The Davis Cup Finals are poised to move to Abu Dhabi on a five year deal.
The International Tennis Federation (ITF) is set to rubber-stamp the choice of its investment partners Kosmos at a board meeting in Madrid next week.
But the move has not been well received by players, with some warning privately they will not be prepared to travel to the Middle East so late in the year.
A 2022 Davis Cup Finals in Abu Dhabi would be played at multiple venues and could stretch to 12 days.
The event would not finish until early December, and next year would clash with football's World Cup in nearby Qatar.
The group stages of this year's Finals, which begin on Thursday, are being held in three different countries.
Turin, Innsbruck and Madrid are the venues, with the Spanish capital hosting the last five days as part of the final year of its staging agreement.
The ITF and Kosmos - which was founded by Barcelona footballer Gerard Pique - announced a 25-year, $3bn (£2.25bn) partnership in 2018.
It spelt the end of the traditional format of home and away ties spanning a whole year, and led to the creation of an 18-team Finals.
Spain were the inaugural winners of that event, in Madrid two years ago.
There is $20m (£15m) of prize money for the players at this year's Finals, as well as the substantial fee Kosmos pays to the ITF for the development of tennis around the world.
But with Kosmos believed to have lost tens of millions of dollars on the 2019 event, something had to change.
The fee it receives from Abu Dhabi will significantly ease its financial burden, but the competition will become less attractive if more of the top players stay away.
Seven of the world's top 20 are competing in this year's Finals, including the top two of Novak Djokovic and Daniil Medvedev. World number three Alex Zverev is the most high-profile player to have opted out, but others have withdrawn because of injury and fatigue.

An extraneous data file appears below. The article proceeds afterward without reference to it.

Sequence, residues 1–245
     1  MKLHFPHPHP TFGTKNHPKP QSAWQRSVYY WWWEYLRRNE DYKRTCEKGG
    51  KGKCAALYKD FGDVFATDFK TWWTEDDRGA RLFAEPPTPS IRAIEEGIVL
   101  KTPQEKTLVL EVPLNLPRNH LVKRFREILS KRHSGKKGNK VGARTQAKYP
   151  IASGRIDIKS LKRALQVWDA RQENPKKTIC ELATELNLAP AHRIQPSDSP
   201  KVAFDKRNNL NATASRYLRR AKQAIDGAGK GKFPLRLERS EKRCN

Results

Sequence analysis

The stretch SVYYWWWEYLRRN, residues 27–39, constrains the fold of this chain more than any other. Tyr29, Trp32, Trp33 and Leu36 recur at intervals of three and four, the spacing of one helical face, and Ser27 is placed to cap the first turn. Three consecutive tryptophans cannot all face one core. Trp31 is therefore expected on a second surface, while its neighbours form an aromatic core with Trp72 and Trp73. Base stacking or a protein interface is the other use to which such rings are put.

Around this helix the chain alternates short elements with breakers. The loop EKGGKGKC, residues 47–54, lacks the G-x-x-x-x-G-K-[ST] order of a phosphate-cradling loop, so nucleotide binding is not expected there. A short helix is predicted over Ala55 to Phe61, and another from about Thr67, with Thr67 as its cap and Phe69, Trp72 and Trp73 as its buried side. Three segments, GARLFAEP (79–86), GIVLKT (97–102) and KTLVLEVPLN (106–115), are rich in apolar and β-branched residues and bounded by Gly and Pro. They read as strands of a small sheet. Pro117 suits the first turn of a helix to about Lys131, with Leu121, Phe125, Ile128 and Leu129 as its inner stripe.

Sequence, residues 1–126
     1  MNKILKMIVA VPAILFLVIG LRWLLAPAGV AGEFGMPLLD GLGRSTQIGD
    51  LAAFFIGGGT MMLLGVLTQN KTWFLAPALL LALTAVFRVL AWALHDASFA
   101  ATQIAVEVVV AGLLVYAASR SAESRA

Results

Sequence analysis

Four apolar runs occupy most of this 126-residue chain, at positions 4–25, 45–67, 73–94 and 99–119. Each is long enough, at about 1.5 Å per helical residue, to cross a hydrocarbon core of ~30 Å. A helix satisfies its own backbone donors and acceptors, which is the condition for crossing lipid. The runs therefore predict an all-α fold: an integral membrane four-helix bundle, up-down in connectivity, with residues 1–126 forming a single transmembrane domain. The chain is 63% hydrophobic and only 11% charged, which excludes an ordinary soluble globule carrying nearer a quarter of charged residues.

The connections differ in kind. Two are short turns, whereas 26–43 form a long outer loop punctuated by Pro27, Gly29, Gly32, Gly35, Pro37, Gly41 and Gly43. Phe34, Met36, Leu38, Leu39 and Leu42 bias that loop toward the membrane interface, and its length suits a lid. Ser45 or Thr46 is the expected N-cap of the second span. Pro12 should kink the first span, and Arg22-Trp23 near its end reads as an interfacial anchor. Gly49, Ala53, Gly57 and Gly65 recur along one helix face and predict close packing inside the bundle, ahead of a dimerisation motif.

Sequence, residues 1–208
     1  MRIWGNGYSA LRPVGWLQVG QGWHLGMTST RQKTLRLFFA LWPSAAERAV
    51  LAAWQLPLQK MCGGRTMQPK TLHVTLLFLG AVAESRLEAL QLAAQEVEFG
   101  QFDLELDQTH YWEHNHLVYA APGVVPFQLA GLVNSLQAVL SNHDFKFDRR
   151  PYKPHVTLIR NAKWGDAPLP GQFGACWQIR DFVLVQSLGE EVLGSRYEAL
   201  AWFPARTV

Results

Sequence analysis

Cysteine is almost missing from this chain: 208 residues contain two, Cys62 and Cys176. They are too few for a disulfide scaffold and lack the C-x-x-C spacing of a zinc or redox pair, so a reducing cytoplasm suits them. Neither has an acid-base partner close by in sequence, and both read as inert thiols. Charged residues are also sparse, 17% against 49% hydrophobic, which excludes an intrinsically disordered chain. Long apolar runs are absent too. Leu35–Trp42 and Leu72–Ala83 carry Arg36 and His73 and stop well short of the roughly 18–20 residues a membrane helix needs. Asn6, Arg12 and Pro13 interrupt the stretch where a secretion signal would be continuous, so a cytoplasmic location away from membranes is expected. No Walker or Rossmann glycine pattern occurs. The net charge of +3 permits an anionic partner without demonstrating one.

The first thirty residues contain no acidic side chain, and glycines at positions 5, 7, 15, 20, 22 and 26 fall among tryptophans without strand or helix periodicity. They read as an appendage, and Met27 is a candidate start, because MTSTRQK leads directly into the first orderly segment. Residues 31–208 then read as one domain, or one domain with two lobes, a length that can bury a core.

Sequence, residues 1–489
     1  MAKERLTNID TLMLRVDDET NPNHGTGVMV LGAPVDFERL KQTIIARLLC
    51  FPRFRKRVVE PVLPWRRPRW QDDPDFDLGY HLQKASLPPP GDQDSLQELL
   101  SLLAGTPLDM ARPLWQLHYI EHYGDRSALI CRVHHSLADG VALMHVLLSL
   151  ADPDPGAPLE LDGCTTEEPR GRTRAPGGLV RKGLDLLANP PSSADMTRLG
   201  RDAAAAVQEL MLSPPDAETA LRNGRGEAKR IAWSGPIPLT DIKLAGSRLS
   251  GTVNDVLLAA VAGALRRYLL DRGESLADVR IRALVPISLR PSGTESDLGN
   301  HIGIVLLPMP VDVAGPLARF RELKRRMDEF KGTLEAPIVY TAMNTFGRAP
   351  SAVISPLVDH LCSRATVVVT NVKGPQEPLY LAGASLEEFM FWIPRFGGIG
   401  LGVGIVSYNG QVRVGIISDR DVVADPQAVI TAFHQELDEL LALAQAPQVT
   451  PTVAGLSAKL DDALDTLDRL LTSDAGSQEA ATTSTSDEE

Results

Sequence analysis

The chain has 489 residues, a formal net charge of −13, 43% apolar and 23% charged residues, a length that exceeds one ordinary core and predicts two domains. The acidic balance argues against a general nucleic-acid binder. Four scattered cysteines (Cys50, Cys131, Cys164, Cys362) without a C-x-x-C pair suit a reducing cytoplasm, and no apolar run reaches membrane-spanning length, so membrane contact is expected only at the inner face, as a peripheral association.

The other major concern will be the spectators, or lack of.
The Abu Dhabi Formula 1 Grand Prix has attracted reasonable crowds over the past dozen years, but international cricket in the region has been poorly attended, and the stands for the 2019 World Athletics Championships in nearby Doha were virtually empty.
Partisan fans have made the atmosphere at many past Davis Cup ties very special, but given the cost of flights and accommodation in Abu Dhabi, it seems the Finals will attract even fewer travelling supporters in future.
A five-year run in Abu Dhabi would at least offer the competition some stability, and it is possible the ATP Cup will be subsumed into the Davis Cup by the end of the deal.
Conversations between the ITF and the ATP have been more productive in recent months, as the two organisations consider combining their team events.
But as things stand, and for another couple of years at least, the ATP Cup will take place in Australia only four weeks after the Davis Cup Finals draw to a close.
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